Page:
Read on to find out more about student life at LSE through the years.

  • Adams Closed It We Opened it – student occupation in October 1968

Adams Closed It We Opened it – student occupation in October 1968

  • February 25th, 2019

On the weekend of 25-27 October 1968 LSE’s buildings were occupied by students in support of the Vietnam Solidarity Campaign’s demonstration against US involvement in Vietnam. LSE Archivist, Sue Donnelly, recalls the events of the weekend.

In October 1968 the Vietnam Solidarity Campaign organised a large demonstration through London, finishing at Hyde Park. 25,000 people were estimated to have taken […]

  • Opposing a Director

Opposing a Director

  • February 18th, 2019

2019 marks the 50th anniversary of the closure of LSE due to student unrest in January-February 1969. LSE Archivist, Sue Donnelly, begins a series of blog posts tracing the history of student activism at LSE between 1966 and 1969 with an account of the opposition to the appointment of Walter Adams as LSE Director.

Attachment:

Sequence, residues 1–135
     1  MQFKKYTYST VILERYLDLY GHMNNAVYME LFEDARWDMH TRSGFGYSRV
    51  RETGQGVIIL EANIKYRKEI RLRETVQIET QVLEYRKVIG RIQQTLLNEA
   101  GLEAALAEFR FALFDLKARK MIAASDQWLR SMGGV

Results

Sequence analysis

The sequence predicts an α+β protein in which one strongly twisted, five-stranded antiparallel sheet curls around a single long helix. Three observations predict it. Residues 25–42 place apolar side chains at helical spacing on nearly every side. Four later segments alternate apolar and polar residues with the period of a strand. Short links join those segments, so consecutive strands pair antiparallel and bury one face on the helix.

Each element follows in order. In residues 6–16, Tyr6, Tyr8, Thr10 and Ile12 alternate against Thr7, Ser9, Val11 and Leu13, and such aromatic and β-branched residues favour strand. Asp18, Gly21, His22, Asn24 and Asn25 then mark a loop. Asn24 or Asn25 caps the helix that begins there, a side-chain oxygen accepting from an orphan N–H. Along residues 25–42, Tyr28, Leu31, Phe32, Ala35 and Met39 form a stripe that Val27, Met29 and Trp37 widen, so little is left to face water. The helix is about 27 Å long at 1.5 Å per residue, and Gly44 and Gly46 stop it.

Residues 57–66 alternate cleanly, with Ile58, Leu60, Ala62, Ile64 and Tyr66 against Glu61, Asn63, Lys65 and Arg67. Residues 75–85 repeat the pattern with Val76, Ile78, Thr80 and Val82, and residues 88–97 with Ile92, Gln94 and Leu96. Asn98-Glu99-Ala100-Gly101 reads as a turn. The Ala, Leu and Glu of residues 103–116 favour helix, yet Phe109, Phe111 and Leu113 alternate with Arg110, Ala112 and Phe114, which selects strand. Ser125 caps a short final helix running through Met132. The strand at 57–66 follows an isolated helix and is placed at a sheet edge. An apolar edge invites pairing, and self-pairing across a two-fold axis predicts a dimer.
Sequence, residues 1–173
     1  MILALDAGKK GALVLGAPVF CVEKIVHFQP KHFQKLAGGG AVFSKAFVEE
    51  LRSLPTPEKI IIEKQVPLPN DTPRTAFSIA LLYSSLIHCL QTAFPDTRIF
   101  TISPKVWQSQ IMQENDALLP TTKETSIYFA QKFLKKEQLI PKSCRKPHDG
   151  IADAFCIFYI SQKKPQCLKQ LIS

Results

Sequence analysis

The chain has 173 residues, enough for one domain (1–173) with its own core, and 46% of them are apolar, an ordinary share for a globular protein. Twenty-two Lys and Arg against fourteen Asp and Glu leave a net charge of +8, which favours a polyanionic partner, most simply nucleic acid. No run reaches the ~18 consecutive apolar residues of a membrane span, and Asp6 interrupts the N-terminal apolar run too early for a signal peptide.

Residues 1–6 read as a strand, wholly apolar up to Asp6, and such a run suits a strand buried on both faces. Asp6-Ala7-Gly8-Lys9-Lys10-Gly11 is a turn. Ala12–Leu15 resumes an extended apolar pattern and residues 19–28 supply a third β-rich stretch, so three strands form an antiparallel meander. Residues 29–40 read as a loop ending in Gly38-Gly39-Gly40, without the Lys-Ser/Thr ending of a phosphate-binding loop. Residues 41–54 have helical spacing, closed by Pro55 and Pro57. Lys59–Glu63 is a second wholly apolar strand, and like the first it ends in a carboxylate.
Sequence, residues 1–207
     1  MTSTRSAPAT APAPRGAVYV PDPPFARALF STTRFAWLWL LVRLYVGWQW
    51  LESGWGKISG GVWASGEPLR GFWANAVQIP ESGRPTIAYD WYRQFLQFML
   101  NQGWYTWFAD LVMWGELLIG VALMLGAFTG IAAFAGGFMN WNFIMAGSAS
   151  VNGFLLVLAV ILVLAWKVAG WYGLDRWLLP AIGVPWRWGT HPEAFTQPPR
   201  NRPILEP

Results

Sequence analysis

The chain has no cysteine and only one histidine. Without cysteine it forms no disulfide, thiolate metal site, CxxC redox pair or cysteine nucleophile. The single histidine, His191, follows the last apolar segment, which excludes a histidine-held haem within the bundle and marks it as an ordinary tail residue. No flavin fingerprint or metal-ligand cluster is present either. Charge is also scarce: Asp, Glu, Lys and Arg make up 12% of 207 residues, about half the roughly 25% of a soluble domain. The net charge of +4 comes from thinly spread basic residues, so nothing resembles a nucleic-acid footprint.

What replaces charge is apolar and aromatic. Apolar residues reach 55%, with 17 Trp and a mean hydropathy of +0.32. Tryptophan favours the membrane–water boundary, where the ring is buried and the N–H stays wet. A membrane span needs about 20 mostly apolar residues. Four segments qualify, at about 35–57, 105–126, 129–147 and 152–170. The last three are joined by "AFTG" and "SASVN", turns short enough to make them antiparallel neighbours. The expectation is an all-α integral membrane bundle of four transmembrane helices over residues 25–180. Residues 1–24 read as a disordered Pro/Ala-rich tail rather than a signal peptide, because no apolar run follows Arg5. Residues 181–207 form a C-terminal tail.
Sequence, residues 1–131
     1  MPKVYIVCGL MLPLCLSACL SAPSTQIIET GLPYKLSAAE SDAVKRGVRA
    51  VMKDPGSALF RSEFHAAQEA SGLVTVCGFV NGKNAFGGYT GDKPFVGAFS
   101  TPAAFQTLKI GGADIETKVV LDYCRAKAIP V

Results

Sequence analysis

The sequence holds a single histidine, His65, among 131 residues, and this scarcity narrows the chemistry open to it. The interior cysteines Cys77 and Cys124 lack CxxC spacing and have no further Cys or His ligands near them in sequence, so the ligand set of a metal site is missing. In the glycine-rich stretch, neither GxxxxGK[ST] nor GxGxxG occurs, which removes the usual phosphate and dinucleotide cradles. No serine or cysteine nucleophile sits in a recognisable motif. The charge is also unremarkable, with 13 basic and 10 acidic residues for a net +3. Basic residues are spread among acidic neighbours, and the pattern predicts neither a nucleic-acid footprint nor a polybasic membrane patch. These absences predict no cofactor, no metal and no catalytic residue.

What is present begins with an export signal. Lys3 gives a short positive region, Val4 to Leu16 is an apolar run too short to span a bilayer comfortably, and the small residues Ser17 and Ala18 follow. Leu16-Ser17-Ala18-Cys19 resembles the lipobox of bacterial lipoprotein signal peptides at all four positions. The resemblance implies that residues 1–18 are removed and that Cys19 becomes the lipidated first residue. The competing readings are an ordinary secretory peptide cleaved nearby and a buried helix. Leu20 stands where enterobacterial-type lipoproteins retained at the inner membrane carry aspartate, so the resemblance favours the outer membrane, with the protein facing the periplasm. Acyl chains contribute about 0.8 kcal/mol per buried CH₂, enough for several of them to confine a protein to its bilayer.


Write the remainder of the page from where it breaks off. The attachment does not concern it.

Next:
The 1960s were a period of […]

  • Red flag over Houghton Street? The radical tradition at LSE – myth, reality, fact

Red flag over Houghton Street? The radical tradition at LSE – myth, reality, fact

  • January 16th, 2019

Why does LSE have reputation for radicalism, and when did this idea begin? Professor Michael Cox, Director of LSE IDEAS, explores the opposing evidence of the figures and events of LSE’s history. Looking at historical perceptions of LSE’s radical status, alongside the actions of staff and students, he shows the origins of the idea go back to LSE’s earliest days.

Listen to the podcast
Laski and Miliband
One […]

  • A mother and daughter at LSE – Herabai and Mithan Tata

A mother and daughter at LSE – Herabai and Mithan Tata

LSE often runs in the family with several generations making their way to Houghton Street. LSE Archivist Sue Donnelly writes about an unusual mother and daughter duo.